Emmylou Harris' latest box set, Songbird, occupies a unique place among deluxe anthologies. I instead of being merely another greatest hits or an unreleased versions set, it's a collection of personally important musical moments. Songbird grants Ms. Harris a chance to be her own critic by showing her audience which performances and collaborations were the most important in her artistic development.
In every way Songbird qualifies as a deluxe set from its slip-cased cover with its delicate tipped-in photograph to the 200-page hard-covered book inside. My only criticism of the packaging is that it is difficult to get the CDs out of their cardboard slipcases. Once removed, the four CDs and one DVD deliver seventy-eight songs and ten music videos. The earliest song is a 1970 alternate version of "Clocks" from her first release Gliding Bird. The most recent tune comes from 2006, a duet with Mark Knopfler called "Love and Happiness" by Texas songwriter Kimmie Rhodes. In between these two you'll find songs from every period of Harris' storied career. Her collaborations with Gram Parsons, as well as her first great band, which featured James Burton's lead guitar and Rodney Crowell's rhythm guitar and harmony vocals, kick off disc one. Her early pop-country period, which included several of her best-selling albums, such as Luxury Liner, Pieces of the Sky, Elite Hotel, and Quarter Moon in a Ten Cent Sky is under-represented on this box set with only eight selections spanning from 1975 to 1978, but hardcore fans probably already have multiple copies of these classics.
This box set isn't intended as a chronological or complete anthology, but instead is a collection of special musical moments. On Songbird you'll find fabulous examples of Ms. Harris' best musical collaborations including her work with Dolly Parton, Linda Ronstadt, Guy Clark, Steve Earle, and George Jones. Sound quality on these three CDs varies drastically. Sure, you can expect the earliest stuff such as "Clocks" to sound a little funky, but Harris' voice is so pure that any recording glitches or distortion stick out in bas relief regardless of where or when the recordings were made. On the song "First in Line" recorded in 1990, you can hear the distracting grainy fur of harmonic distortion on Harris' voice that mars the sterling performances by Harris and John Starling (which is probably why it wasn't released on Starling's album.)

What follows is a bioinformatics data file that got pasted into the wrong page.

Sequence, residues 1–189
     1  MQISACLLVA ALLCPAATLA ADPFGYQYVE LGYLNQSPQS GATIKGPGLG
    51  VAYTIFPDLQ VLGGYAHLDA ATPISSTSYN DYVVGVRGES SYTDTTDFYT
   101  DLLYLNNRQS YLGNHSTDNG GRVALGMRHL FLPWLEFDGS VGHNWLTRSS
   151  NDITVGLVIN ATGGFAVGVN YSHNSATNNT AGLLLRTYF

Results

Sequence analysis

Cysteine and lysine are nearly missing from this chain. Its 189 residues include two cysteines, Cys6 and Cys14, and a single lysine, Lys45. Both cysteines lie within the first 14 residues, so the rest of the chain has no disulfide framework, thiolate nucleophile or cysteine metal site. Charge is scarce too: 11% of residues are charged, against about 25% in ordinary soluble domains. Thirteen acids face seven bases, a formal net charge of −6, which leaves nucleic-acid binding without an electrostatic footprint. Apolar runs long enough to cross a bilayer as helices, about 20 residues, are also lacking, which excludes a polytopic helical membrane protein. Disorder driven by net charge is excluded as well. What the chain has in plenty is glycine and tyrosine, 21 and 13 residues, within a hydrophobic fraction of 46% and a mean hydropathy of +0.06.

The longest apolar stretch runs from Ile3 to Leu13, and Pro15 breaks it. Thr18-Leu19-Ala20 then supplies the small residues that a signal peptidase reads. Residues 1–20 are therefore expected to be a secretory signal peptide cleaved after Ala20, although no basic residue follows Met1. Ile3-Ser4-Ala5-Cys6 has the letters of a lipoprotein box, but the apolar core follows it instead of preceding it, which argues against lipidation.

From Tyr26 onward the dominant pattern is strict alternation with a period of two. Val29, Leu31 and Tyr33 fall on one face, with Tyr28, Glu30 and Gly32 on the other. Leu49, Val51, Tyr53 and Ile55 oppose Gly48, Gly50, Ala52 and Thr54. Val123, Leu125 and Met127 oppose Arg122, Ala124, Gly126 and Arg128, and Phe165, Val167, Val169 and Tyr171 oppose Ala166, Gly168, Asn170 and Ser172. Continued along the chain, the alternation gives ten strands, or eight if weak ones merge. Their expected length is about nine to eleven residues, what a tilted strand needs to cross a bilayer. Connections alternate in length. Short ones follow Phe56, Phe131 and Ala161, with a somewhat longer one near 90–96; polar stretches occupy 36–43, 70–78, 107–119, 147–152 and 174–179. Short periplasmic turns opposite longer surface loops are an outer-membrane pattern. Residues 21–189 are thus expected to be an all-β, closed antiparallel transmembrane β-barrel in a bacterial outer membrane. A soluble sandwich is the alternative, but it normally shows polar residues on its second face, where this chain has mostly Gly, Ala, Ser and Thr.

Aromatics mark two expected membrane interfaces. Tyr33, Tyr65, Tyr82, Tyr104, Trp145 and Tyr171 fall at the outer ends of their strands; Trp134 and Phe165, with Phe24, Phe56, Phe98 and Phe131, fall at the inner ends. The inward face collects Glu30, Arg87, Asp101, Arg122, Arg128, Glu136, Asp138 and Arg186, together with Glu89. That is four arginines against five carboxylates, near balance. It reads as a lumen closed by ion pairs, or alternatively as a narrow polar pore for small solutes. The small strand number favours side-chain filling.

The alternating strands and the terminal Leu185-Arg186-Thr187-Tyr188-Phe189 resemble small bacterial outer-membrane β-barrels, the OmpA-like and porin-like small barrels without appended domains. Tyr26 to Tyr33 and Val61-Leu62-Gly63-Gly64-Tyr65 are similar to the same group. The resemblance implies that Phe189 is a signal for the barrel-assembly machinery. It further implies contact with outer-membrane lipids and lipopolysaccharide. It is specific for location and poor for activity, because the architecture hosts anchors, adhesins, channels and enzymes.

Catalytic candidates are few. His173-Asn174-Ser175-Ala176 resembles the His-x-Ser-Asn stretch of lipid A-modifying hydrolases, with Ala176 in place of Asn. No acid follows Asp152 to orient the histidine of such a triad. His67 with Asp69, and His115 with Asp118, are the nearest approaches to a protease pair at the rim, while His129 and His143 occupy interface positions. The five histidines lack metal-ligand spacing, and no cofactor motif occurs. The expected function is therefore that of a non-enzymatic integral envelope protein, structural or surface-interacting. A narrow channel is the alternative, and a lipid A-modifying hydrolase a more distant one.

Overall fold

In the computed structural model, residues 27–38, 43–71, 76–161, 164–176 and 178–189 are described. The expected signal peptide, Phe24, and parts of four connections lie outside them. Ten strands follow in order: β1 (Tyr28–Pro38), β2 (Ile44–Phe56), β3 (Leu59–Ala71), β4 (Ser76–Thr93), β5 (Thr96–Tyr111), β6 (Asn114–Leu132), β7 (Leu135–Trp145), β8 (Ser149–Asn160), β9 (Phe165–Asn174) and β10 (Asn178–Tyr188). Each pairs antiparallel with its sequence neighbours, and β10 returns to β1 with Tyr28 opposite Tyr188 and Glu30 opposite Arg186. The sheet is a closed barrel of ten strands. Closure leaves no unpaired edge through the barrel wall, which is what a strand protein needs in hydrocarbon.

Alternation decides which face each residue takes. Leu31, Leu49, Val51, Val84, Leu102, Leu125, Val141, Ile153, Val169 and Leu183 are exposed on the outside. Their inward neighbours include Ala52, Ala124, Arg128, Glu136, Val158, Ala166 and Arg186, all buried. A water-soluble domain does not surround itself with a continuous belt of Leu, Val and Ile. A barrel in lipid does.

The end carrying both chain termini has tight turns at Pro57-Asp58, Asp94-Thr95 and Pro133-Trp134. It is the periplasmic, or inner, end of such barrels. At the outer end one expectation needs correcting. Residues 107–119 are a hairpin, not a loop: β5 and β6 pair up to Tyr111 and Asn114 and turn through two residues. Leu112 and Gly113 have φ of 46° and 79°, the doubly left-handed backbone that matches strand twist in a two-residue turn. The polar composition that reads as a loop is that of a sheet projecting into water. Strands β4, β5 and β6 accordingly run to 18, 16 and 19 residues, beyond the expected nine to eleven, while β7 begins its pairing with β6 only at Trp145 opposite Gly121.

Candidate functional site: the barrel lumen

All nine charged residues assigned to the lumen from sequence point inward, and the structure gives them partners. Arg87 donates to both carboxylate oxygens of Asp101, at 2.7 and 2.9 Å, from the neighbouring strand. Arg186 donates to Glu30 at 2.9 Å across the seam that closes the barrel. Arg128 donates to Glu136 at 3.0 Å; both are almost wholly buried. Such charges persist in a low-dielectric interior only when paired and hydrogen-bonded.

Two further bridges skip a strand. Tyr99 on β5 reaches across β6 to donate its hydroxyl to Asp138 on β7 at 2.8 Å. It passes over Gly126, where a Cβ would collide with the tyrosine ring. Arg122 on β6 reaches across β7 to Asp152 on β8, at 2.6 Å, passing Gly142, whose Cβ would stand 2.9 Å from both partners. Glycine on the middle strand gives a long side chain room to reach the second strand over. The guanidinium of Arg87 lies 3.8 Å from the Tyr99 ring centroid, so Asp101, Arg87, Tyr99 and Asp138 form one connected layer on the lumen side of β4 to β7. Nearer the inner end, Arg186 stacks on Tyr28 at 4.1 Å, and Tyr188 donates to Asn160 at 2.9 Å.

The DVD includes live performances as well as music videos, such as a live version of "Together Again" from 1975, a campy promo video of "Mr. Sandman" from 1981, and a luminous live reading of "Love Hurts" with Elvis Costello from a 2006 Live at the Grand Ol Opry broadcast. Video quality isn't too awful on the early performances, but it's certainly not HD quality either. Don't expect to be able to read the headstock decal on James Burton's Telecaster.
Although not cheap with a list price of $75 ($55 to $65 street), the Songbird box set still costs less than you'd pay to download each song individually from the i-Tunes store. And you get that cool book full of pix and stuff. Of course any Emmylou Harris fan must have this box, but it delivers such a fine overview of her career that even relatively new fans should appreciate its many virtues.